The acknowledgement of the role of arson is important, if only cumulative. Bouza misses a root cause of much of the abandonment: redlining by banks and insurance companies (in the latter case, insurers let it be known that they would not be renewing policies in the South Bronx, making the rush to arson that much faster). But no matter--

     Here's Bouza's from-the-hip assessment of the Bronx politicians of those times:

The South Bronx has a young Jewish councilman, named Barry Salman, who had been virtually abandoned by his white, Jewish constituents in their flight to the suburbs in the sixties... In my encounters with him he's always appeared to be, at least figuratively, looking longingly northward.. Everyone's relief was palpable when Salman's judgeship came along and he moved to the civil court...

Michael De Marco badgered, bullied and bleated until a tough, young police captain, Larry Hill, was removed from command for the 45th Precinct and driven into premature retirement...In the middle of this public debate I'd had reason to call De Marco's office for one minor thing of another and was stung to hear the report that "he would be willing to work with me when I was ready to work with him." Whatever this meant I believed it couldn't be good and I never spoke to him again...

The Democratic party leader, Pat Cunningham, though very prominent in the papers and the other news media, was in my experience totally invisible. All the years I was in the Bronx I never met him and he was never, so far as I knew, present at a single one of the hundreds of local functions I attended. He obviously preferred to operate in the wings. His was a post with a troubled history...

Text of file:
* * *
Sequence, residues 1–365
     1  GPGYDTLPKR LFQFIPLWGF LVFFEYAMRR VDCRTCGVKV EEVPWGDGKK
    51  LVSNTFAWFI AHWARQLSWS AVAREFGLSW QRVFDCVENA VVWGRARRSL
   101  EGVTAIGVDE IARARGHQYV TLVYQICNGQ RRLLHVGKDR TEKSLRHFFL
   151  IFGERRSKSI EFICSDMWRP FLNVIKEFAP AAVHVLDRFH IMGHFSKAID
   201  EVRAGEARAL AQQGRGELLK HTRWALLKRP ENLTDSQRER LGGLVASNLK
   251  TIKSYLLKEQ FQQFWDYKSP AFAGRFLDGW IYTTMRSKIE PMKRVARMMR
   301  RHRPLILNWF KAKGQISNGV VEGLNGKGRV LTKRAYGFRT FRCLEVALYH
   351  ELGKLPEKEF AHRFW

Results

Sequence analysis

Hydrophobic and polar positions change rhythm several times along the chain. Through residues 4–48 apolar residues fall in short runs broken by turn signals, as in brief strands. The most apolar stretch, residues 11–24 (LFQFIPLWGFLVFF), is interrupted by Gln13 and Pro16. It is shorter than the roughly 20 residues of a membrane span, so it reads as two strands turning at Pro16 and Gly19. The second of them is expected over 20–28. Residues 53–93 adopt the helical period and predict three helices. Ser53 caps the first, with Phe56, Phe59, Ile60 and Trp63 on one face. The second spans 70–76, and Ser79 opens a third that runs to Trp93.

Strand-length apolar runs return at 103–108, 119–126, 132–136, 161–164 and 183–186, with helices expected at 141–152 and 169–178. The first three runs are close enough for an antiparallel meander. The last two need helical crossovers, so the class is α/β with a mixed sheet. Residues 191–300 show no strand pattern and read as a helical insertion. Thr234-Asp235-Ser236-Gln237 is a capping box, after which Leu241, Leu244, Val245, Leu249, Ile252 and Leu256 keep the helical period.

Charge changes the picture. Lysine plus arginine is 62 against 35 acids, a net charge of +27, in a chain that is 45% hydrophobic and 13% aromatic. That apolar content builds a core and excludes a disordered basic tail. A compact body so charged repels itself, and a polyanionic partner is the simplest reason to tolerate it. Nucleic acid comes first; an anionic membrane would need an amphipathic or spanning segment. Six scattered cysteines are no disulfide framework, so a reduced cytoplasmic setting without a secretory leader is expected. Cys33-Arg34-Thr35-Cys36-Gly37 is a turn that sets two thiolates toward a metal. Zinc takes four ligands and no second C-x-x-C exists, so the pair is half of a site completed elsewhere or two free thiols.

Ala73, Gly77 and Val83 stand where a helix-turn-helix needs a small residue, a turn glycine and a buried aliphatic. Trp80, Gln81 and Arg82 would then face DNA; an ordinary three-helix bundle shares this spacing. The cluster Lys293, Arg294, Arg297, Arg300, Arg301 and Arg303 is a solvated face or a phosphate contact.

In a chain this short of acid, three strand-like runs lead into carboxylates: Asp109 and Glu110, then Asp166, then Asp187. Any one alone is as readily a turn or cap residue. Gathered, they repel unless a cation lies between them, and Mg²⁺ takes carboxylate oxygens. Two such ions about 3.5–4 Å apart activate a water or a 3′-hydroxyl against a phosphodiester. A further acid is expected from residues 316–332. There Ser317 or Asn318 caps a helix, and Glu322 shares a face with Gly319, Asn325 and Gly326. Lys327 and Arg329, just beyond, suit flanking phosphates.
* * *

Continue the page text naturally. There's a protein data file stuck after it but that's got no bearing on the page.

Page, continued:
Jonathan Bingham, a WASP-ish and aristocratic congressmen from Riverdale seem to me to be quintessentially decent and supportive while at the other end of the borough, Mario Biaggi, a much decorated and now long-retired police lieutenant, struck me as possessing the more colorful plumage of his Latin origins... He had, in the course of his public life, been accused of a series of questionable acts that, while temporarily sidetracking him from such quests as the mayoralty, only really interrupted his progress briefly.

    As Bouza's monogram was published, the Wedtech scandal moved through the courts, making the interruption of Biaggi's progress more than brief. The "troubled history" of the county leader post continued past Cunningham, though Stanley Friedman, and, it is reported, into today...

November 19, 2001

     This week we step back from the still-smoldering Ground Zero, and even from the plane crash of November 12, which affected many Bronxites, particularly immigrants from the Dominican Republic -- we step back in time, via blurry photocopies of minutes of the meetings of Bronx Community Board Six, thirty and twenty-five years ago.